Washington: A new study has revealed that brain structure depends on how trusting people are of others.
Brian Haas, an assistant professor in the department of psychology, and his team of researchers used two measures to determine the trust levels of 82 study participants.
Participants filled out a self-reported questionnaire about their tendency to trust others. They also were shown pictures of faces with neutral facial expressions and asked to evaluate how trustworthy they found each person in the picture. This gave researchers a metric, on a spectrum, of how trusting each participant was of others.
Researchers then took MRI scans of the participants' brains to determine how brain structure is associated with the tendency to be more trusting of others.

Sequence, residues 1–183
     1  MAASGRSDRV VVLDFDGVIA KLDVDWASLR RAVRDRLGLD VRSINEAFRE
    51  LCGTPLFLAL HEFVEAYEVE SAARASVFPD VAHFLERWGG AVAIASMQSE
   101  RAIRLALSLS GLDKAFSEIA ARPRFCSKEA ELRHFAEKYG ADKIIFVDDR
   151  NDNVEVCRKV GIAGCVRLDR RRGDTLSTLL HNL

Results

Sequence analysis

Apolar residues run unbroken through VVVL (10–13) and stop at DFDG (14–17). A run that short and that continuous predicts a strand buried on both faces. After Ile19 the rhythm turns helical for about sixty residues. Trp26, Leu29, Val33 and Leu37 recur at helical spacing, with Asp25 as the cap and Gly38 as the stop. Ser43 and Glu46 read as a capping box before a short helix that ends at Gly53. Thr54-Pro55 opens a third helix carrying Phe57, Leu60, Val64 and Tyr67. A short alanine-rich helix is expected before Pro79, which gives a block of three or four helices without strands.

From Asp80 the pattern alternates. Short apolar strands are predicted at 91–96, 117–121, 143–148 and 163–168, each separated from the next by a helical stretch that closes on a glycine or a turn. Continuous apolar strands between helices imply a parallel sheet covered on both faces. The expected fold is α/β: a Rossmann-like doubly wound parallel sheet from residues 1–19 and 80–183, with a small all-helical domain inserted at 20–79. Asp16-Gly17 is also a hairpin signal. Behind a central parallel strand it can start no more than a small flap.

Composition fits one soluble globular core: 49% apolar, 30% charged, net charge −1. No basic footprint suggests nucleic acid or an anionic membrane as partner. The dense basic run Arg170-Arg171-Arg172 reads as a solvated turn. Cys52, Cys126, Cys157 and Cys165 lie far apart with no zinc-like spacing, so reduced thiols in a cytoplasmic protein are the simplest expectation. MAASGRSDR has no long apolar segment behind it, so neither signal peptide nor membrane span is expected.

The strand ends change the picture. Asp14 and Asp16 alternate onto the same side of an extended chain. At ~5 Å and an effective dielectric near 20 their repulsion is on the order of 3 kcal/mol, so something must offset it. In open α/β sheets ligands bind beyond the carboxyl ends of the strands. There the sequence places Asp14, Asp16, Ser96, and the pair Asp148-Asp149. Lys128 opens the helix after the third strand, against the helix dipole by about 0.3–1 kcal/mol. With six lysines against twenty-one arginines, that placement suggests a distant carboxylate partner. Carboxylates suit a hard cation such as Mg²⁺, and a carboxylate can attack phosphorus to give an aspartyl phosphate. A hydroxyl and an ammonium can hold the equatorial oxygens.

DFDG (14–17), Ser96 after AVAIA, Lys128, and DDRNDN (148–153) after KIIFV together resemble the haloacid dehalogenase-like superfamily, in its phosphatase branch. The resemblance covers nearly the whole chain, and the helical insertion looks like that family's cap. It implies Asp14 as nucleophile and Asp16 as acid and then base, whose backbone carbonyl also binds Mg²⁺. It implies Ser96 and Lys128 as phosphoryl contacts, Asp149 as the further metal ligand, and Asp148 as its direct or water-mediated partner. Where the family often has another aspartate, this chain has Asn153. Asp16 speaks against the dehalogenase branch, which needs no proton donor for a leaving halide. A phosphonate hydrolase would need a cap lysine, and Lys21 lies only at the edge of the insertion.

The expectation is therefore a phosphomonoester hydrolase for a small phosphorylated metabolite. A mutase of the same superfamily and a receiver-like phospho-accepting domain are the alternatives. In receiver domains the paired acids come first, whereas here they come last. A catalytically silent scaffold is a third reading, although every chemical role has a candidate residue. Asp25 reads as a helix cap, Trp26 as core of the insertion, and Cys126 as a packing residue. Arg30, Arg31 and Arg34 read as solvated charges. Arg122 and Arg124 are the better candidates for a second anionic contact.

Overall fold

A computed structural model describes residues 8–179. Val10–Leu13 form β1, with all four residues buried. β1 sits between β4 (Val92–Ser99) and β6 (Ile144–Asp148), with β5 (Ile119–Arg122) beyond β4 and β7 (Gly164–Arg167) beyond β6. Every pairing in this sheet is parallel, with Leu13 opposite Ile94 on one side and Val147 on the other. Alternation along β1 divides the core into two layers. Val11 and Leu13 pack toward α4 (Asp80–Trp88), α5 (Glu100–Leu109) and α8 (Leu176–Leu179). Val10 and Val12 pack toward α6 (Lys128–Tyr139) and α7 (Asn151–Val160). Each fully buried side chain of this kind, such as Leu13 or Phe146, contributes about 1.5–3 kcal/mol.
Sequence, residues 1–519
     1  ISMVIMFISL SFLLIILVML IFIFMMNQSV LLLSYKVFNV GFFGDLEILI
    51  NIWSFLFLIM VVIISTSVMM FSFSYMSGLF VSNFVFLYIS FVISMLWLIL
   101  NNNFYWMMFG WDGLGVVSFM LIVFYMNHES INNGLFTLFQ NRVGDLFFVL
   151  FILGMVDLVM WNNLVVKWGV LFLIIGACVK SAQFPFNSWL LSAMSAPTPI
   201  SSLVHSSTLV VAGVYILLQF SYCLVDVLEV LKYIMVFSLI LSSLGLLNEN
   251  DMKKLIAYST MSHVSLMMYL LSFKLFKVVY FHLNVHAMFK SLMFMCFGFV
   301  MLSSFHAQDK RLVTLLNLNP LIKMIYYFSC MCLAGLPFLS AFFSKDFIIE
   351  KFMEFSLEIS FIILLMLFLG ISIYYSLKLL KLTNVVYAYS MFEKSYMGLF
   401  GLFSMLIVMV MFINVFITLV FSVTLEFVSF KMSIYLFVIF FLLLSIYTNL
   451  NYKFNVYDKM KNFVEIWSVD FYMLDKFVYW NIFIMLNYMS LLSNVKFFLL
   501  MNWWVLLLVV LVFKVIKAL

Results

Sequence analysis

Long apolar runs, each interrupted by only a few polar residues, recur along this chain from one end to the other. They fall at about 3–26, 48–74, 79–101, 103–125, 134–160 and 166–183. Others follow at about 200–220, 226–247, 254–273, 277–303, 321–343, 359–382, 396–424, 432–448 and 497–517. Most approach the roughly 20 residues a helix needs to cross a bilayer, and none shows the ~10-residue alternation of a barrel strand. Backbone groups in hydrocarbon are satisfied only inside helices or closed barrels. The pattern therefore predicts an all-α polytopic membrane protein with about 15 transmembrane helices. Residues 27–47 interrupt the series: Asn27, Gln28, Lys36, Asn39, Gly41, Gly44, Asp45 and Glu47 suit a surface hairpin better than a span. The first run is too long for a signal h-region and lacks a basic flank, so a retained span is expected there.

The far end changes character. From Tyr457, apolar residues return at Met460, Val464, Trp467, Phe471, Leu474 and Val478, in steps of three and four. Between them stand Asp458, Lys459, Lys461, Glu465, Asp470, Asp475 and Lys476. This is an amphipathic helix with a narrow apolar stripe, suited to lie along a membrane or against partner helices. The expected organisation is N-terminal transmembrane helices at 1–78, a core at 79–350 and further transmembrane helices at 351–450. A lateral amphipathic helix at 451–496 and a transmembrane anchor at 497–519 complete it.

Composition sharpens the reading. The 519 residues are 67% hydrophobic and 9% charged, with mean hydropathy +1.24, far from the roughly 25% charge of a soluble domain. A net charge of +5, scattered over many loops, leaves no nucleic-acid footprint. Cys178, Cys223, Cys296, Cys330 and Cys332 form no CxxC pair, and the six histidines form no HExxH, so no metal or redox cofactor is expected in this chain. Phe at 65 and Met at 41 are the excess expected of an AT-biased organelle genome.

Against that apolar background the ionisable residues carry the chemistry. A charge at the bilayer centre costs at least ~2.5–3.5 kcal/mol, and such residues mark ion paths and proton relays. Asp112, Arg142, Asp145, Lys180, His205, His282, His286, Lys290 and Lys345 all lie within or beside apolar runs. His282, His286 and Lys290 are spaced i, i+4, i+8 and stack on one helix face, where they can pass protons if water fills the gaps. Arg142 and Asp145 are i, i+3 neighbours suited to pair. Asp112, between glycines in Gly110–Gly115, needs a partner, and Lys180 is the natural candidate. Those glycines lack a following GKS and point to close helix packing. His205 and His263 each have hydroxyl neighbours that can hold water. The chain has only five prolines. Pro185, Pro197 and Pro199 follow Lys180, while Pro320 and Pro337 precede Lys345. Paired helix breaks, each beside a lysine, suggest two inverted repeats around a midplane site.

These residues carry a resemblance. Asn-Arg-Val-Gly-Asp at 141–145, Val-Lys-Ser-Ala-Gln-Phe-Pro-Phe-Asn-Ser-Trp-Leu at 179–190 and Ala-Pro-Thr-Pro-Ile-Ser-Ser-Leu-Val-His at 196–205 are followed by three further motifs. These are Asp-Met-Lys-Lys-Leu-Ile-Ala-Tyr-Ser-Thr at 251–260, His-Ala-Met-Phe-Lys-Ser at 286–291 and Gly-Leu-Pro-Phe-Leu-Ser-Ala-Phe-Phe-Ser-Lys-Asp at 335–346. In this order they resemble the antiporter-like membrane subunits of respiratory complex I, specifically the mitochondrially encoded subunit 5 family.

The researchers found differences in two areas of the brain.
Haas said that the most important finding was that the grey matter volume was greater in the ventral medial prefrontal cortex, the brain region that evaluates social rewards, in people that tended to be more trusting of others.
The research might have implications for future treatments of psychological conditions such as autism.